Nationally-recognized attorney Ben Crump comes to Roanoke with the Lacks family
A special press event will be held in Lacks Plaza across from the City Municipal Bldg. Monday, December 19, at 11:15 a.m. The event will launch the next phase of the Roanoke Hidden Histories project.
Roanoke Hidden Histories has met and exceeded its fundraising goal of $160,000, allowing the production of the Henrietta Lacks statue to proceed. Hidden in Plain Site (HIPS) representatives will also be on-site with an exciting announcement about progress on the project’s nearly-complete virtual reality documentary. Roanoke artist Bryce Cobbs will unveil a life-sized version of his preliminary drawing of Lacks. The drawing will be used as a reference by Blacksburg-based sculptor Larry Bechtel to design a bronze sculpture.
Artist Bryce Cobbs says, “Working on this project was a huge honor for me. I’m grateful to the Lacks family for entrusting not only me but all the individuals involved in this project with the task of honoring the legacy of Henrietta Lacks. Their bravery, strength, and willingness to give knowledge is so commendable and was a major inspiration for me along this journey.”
Roanoke Hidden Histories is a volunteer-led effort, partnered with the Harrison Museum of African American Culture as its fiscal agent, with the primary goal of acknowledging African American history in the community’s public spaces. The project will focus on acknowledging and documenting painful and troubling aspects of our shared history as well as celebrating Black achievement in the community. A goal of the effort is to bring overlooked history to life.
The project consists of two main components: the development of a virtual education tool that emphasizes “hidden history” at five community locations and the creation of a sculpture of Henrietta Lacks at the City’s Lacks Plaza.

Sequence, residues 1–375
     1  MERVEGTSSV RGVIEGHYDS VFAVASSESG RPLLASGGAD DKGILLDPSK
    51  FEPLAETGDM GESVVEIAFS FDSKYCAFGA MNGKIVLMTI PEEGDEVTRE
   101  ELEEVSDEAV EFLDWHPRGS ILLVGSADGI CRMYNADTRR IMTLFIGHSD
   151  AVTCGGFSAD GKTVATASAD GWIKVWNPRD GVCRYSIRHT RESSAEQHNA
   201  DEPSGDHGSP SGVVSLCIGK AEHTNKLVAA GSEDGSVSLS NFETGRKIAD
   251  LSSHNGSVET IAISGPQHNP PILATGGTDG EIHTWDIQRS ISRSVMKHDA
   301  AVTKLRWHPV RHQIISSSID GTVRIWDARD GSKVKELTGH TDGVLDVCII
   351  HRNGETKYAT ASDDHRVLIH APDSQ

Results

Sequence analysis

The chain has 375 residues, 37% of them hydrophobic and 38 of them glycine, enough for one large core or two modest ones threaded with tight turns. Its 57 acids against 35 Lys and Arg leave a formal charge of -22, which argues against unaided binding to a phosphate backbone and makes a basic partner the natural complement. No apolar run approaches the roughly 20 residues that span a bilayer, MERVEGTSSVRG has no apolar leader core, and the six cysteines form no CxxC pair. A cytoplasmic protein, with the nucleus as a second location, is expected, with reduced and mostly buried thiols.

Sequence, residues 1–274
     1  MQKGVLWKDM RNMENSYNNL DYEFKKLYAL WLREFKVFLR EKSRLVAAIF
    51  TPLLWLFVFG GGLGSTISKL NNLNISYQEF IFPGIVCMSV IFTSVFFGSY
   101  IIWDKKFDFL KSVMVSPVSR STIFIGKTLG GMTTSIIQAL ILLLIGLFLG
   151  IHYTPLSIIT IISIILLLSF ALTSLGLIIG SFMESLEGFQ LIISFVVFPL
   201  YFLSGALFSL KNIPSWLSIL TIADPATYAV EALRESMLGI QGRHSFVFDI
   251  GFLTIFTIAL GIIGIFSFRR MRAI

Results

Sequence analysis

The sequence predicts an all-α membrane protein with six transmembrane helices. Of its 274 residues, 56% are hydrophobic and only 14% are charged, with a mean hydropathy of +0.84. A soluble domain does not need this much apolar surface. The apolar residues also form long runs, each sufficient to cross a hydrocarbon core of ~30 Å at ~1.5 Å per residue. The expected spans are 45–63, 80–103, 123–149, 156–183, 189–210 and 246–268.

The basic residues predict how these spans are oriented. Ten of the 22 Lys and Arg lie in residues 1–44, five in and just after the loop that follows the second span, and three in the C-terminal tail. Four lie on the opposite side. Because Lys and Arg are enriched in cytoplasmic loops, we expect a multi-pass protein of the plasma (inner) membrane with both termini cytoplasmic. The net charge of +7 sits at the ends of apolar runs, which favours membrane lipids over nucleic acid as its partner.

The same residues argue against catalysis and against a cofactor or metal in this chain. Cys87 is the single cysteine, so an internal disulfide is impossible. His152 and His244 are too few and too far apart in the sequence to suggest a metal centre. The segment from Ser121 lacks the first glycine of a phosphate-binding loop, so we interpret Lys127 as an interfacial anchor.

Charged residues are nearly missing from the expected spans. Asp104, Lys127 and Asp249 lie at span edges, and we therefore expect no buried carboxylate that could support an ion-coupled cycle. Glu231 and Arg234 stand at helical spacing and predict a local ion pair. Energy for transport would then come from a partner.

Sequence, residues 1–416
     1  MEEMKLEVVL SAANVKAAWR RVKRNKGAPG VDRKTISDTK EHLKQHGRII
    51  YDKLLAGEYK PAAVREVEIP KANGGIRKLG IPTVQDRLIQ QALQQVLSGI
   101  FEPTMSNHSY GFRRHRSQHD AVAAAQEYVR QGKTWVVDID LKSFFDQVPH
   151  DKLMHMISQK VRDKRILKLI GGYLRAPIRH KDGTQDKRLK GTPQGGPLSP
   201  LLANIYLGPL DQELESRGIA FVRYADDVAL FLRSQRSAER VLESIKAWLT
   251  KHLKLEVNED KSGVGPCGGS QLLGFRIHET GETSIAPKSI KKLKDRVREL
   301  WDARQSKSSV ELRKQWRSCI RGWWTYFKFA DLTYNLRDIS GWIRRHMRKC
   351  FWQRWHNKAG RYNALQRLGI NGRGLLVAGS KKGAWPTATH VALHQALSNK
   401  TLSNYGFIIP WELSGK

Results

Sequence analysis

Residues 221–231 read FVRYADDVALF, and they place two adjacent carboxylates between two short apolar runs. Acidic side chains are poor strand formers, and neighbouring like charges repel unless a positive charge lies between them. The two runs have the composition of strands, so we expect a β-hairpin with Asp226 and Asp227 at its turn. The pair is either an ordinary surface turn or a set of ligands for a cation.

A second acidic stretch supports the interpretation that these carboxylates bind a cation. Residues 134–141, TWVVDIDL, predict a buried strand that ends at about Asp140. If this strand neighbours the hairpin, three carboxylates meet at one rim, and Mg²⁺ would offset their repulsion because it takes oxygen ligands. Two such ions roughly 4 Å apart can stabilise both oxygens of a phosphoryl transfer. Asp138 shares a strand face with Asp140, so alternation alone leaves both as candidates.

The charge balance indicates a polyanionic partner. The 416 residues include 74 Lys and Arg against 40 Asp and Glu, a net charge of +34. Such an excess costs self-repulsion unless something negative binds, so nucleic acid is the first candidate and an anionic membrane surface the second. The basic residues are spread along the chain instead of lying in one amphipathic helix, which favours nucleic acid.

“The two projects go hand in hand,” says project lead Trish White-Boyd. “We’ll create a virtual system to inventory sites and communicate history in an engaging way using technology. Then, natural next steps may use that interest and knowledge to develop physical representations on the sites, so that we can all stumble across the layers of history in our daily paths.”
The first physical project, a sculpture of Henrietta Lacks, honors the Roanoke native who unknowingly provided the world with the HeLa cell, fueling decades of life-saving and life-changing research. The virtual reality component of the project will be used as an educational tool and is being developed through a partnership with Richmond’s Hidden in Plain Site (HIPS).
Roanoke is honored to have the blessing of Henrietta Lacks’ family for this project. Her eldest son, Lawrence Lacks, as well as her grandson, Ron Lacks (and Ron’s wife, Hope Lacks), will also be present at Friday’s media event. “Roanoke is the first to reach out to Henrietta Lacks’ estate. This a big deal,” states Ron Lacks, son of Lawrence Lacks.
Nationally-recognized civil rights attorney Ben Crump will also be in attendance with the Lacks family.
Hidden in Plain Site is a virtual reality (VR) exploration of distinct, but easy-to-overlook sites that tell the story of the Black experience throughout history. Featuring actual examples from various angles and ages, these sites will be brought to life through current appearance augmented with historical imagery. The goal is to inform and educate while changing how residents and visitors see and experience their city.